Social Media Marketing

Facebook offers businesses the fantastic opportunity to sell their products and services on the social media network which was first introduced in 2012. Advertising with social media has in that short space of time become a must-have digital marketing tool with a study conducted by the Content Factory revealing that business spend on average $7,000 a month on social media marketing efforts.

“More and more of these businesses are becoming advertisers with over four million advertising on Facebook and over 500,000 on Instagram.” Sheryl Sandberg, Chief Operating Officer at Facebook

Facebook advertising has in that short timespan experienced tremendous growth as an industry with profits generated from their advertising solution increasing by 57% from $17bn in 2015 to $26bn in 2016 (campaignlive).

In terms of difficulty social media marketing comes third, with both SEO and PPC difficulty ranking higher and being more difficult. As the platform has matured, the functionality and therefore difficulty have also increased but there are still less variables and less available functionality to consider when comparing it to PPC and SEO. In the future, as the platform matures the difficulty-level is expected to increase.

So Finally, to Specialise or to Be a Generalist?

As we have seen PPC, SEO and social media are all experiencing tremendous industry growth and all of them come with many job opportunities for individuals with the right education and experience.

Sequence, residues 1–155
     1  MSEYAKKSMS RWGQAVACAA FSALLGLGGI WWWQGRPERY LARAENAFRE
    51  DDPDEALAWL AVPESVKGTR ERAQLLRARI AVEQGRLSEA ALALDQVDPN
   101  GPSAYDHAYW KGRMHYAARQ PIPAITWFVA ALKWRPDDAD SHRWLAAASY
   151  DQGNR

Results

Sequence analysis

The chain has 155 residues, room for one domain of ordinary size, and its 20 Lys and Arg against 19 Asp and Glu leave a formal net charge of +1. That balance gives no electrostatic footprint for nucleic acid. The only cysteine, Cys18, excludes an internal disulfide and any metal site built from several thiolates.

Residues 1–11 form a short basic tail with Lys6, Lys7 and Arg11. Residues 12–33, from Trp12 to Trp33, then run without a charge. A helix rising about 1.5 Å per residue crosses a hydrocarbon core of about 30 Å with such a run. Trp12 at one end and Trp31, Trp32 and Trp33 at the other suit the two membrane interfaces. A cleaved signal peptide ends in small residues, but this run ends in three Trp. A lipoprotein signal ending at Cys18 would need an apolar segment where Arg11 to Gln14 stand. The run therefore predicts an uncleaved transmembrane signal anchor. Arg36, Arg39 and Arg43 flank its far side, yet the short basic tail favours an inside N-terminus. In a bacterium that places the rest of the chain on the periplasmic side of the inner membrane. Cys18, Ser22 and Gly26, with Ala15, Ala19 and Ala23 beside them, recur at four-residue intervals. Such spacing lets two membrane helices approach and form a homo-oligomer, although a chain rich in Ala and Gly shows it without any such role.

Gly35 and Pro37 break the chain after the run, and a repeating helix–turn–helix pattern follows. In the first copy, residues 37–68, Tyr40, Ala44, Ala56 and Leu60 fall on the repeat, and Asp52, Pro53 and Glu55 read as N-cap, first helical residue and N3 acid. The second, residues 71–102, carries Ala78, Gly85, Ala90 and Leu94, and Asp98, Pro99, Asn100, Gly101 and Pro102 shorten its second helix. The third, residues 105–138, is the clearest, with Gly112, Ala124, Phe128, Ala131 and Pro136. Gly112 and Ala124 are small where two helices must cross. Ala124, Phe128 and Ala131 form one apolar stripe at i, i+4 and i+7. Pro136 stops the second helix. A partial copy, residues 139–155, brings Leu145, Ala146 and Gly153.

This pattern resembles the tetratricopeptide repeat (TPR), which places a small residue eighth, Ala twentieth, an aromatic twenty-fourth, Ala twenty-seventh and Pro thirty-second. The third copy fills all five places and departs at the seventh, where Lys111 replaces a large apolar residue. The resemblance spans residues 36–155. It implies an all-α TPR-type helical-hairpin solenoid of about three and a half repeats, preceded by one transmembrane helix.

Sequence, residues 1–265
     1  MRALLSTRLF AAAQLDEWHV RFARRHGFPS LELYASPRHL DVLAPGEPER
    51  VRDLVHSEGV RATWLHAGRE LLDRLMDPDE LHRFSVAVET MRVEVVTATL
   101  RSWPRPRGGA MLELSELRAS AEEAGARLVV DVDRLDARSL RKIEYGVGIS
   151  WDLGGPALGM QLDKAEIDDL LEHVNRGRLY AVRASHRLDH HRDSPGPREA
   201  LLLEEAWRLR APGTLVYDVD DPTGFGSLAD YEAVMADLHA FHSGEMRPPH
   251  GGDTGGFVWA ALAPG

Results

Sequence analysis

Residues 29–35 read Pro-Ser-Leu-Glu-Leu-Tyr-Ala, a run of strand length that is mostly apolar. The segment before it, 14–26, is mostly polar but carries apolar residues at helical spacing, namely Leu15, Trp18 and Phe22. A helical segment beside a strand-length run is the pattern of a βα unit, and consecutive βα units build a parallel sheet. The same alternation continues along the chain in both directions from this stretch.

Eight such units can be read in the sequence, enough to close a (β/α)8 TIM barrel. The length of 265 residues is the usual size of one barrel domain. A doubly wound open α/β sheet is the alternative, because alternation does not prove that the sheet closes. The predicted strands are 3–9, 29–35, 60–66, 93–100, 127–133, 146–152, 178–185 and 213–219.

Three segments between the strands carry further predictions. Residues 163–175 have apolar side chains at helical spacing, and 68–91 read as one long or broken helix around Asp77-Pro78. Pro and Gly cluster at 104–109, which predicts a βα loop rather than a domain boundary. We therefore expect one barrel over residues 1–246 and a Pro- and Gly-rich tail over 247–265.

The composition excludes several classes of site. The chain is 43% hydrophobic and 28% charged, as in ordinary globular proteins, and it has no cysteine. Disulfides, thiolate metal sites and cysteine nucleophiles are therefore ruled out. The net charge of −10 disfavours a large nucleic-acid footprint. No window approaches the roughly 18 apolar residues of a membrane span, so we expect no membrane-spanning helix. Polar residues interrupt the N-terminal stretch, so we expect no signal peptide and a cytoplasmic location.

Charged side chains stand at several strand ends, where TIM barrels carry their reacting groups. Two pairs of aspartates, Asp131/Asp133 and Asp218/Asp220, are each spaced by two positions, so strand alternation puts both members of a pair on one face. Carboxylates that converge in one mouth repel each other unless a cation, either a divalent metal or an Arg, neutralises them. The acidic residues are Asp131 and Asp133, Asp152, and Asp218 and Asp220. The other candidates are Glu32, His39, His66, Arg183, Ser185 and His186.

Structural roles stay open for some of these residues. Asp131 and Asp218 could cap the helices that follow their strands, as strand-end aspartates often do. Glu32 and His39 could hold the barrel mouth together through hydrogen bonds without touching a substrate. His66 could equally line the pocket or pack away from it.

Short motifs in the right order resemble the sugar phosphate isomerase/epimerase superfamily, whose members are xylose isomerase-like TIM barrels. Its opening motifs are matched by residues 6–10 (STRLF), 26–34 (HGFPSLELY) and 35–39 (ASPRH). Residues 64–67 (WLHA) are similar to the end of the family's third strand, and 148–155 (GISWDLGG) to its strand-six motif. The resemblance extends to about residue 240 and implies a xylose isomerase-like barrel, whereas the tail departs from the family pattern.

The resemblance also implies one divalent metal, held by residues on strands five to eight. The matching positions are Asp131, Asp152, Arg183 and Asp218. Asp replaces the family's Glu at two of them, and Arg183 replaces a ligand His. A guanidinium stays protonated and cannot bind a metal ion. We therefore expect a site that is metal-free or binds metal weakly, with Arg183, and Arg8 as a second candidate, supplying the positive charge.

The success of a company’s digital marketing efforts lies in the marketing mix. SEO, PPC and social media advertising complement each-other and therefore used in conjunction with each other form part of a comprehensive digital marketing strategy. A company e.g. may be dominating the google search results when a user types in a certain product name that they are looking for (also known as keyword) but may not come up on the first pages for other keywords on which they can then chose to bid on using Pay Per Click advertising to drive additional sales.

When you’re considering whether to specialise or to keep your skills more general, keep in mind that having the full package of skills will be advantageous. If you do a quick search on job sites you will find that companies are often looking for all three skill areas, or at least two out of three of the skills combined. By knowing SEO, PPC and social media you will increase your chances of getting the job you want!

Additionally, even though the areas in itself are vast and there is a lot to learn, over time it is achievable to be a specialist in all three areas. So our advice to you is to gain knowledge in all three areas, develop your skills & knowledge with experience and in the long-run become a complete specialist in all three of these major digital marketing areas. You will be very much in demand in doing so.

Author Bio

Nabeena Mali is the head of marketing at AppInstitute a DIY app builder for small businesses and passionate about sharing her knowledge and insights on design strategy, UI/UX trends and driving digital growth through content marketing.